Sociologist Adam Hedgecoe suggests that the establishment of research ethics committees in UK universities has also contributed to the threat to academic freedom. For those unfamiliar with the inner workings of universities, research ethics committees are groups of academics who judge whether proposed research projects are ethical. While the necessity of these committees may be abundantly obvious within the context of medical research, for instance, the encroachment of these into the social sciences has been the subject of many debates. In his study, Hedgecoe finds evidence that these committees tend to prioritise the reputation of the university rather than the ethics of research praxis. He theorises that sensitive or controversial research projects may be denied permission to proceed by these committees because they pose reputational risks to the university. Hedgecoe further suggests that these bodies promote academic cultures that prioritise public image over academic freedom and the pursuit of knowledge, the effects of which become even more significant when combined with the commercialisation of higher education. While Hedgecoe takes a decidedly measured approach to his research, other academics have spoken out more vocally about the potential for research ethics committees to curb academic freedom. Sociologist Martyn Hammersley, for example, has written a number of articles arguing that ethics committees tend to emphasise the individual autonomy of the research subject, but ignore that of the researcher. Hammersley also questions whether the ethics of a social sciences proposal can truly be decided by such a committee. He makes the point that this very act is hubristic in that it assumes that one could conclusively decide whether a proposal is ethical or not. Hammersley asserts that the existence of such committees “amounts not only to a bureaucratization of research but also to unwarranted restriction on the freedom of researchers”.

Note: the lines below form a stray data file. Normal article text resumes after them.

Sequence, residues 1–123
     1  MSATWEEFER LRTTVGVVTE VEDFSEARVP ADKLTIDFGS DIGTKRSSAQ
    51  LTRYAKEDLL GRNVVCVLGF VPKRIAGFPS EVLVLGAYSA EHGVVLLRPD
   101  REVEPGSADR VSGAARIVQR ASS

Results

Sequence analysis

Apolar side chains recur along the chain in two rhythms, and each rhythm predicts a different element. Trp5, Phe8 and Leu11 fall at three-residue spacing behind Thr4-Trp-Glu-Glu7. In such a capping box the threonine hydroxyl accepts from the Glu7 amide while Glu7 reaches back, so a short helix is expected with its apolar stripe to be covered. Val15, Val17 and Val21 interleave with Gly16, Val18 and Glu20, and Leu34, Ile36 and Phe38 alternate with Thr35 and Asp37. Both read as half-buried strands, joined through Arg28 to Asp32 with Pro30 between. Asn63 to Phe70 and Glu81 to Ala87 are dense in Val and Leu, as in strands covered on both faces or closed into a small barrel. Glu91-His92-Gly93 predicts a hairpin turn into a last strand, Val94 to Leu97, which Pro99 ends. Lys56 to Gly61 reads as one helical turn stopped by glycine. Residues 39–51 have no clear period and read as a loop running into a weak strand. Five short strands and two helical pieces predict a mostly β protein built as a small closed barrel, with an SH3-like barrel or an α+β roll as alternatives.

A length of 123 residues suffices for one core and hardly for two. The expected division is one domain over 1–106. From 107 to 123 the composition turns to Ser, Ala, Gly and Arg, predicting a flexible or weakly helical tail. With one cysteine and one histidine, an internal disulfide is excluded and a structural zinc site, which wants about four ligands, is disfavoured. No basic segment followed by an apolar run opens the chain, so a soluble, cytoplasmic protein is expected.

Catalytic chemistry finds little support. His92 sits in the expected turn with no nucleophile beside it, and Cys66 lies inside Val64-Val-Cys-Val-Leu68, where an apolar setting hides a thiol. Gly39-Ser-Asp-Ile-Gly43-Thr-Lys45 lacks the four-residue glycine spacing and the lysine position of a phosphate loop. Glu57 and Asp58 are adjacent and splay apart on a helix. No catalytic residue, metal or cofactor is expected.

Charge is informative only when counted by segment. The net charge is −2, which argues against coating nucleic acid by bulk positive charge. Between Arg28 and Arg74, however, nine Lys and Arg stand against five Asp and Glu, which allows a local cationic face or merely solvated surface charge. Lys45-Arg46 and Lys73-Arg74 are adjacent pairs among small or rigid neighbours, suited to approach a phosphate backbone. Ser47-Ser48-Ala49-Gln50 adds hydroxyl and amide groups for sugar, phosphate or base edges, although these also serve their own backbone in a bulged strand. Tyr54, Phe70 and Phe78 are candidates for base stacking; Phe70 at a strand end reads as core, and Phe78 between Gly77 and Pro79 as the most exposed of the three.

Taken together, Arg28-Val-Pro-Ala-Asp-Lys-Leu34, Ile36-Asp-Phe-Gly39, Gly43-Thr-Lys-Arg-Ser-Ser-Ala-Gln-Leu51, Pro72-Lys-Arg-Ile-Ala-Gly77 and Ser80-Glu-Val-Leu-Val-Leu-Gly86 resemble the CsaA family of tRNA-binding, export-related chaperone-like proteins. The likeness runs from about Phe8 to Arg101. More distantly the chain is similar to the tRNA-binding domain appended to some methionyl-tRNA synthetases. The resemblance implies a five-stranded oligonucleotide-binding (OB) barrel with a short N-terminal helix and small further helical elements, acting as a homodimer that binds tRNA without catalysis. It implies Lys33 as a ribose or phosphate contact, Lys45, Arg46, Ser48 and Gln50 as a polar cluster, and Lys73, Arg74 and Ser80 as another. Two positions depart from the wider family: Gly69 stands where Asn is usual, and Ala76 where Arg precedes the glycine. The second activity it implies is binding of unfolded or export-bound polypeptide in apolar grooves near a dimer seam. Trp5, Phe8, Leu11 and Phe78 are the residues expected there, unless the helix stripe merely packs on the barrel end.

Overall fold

The Civitas report suggests that the development of equality policies, which rightly seek to protect minority students from discrimination, may go too far in limiting speech. “The university institution,” states the report, “is not created for the primary purpose of prohibiting discrimination—its founders do so for the purposes of providing places of higher education and learning”. Law professors Ian Cram and Helen Fenwick make a similar point, arguing that recent changes to UK counter-terrorism law could incentivise universities to cancel potentially controversial events. Cram and Fenwick explain that UK law changed to place duty on universities themselves to actively prevent potential instances of radicalisation and extremist content. The authors claim that the law already contained sufficient protection against such content and that including the “prevent” clause encourages universities to pre-emptively cancel or prevent campus events that may include or lead to “extremist expression”. The authors claim that this policy is excessively broad and ill-defined, potentially leading to universities restricting ideologically diverse content in accordance with the new laws.

Ideological influences

Taking a rather different approach to the works outlined above, other scholars adopt positions that correlate declining academic freedom with the rise of certain ideological movements. Greg Lukianoff and Jonathan Haidt, in The Coddling of the American Mind, posit that free speech in universities may be placed in jeopardy by growing cultures of “safetyism”, resulting in over-protective attitudes towards children both at home and at school. Lukianoff and Haidt argue that protecting children against adversity instils a mindset in young people that seeks to avoid discomfort or feelings of offence. Subsequently, according to the authors, when students arrive at university, they lack the cognitive toolkit required to confront ideas that fundamentally contradict their own worldviews and react by demanding “safe-spaces” free from intellectual discomfort. This, combined with privatisation, means that universities may be more inclined to compromise their commitment to academic freedom and open enquiry in order to appease their increasingly “coddled” customer base.